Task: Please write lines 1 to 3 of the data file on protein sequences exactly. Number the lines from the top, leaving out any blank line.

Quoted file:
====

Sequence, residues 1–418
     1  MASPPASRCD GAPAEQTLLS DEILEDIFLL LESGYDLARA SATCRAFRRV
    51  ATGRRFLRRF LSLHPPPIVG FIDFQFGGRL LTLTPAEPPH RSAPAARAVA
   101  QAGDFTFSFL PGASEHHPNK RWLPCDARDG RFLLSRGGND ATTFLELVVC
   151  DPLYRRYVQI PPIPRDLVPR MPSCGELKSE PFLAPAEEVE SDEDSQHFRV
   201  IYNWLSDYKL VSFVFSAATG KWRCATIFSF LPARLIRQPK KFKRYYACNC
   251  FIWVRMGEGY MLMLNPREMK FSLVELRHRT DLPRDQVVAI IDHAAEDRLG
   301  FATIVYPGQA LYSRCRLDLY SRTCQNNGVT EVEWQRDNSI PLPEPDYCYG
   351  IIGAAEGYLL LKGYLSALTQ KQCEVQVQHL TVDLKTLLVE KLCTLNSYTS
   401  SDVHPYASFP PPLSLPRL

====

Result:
Sequence, residues 1–418
     1  MASPPASRCD GAPAEQTLLS DEILEDIFLL LESGYDLARA SATCRAFRRV
    51  ATGRRFLRRF LSLHPPPIVG FIDFQFGGRL LTLTPAEPPH RSAPAARAVA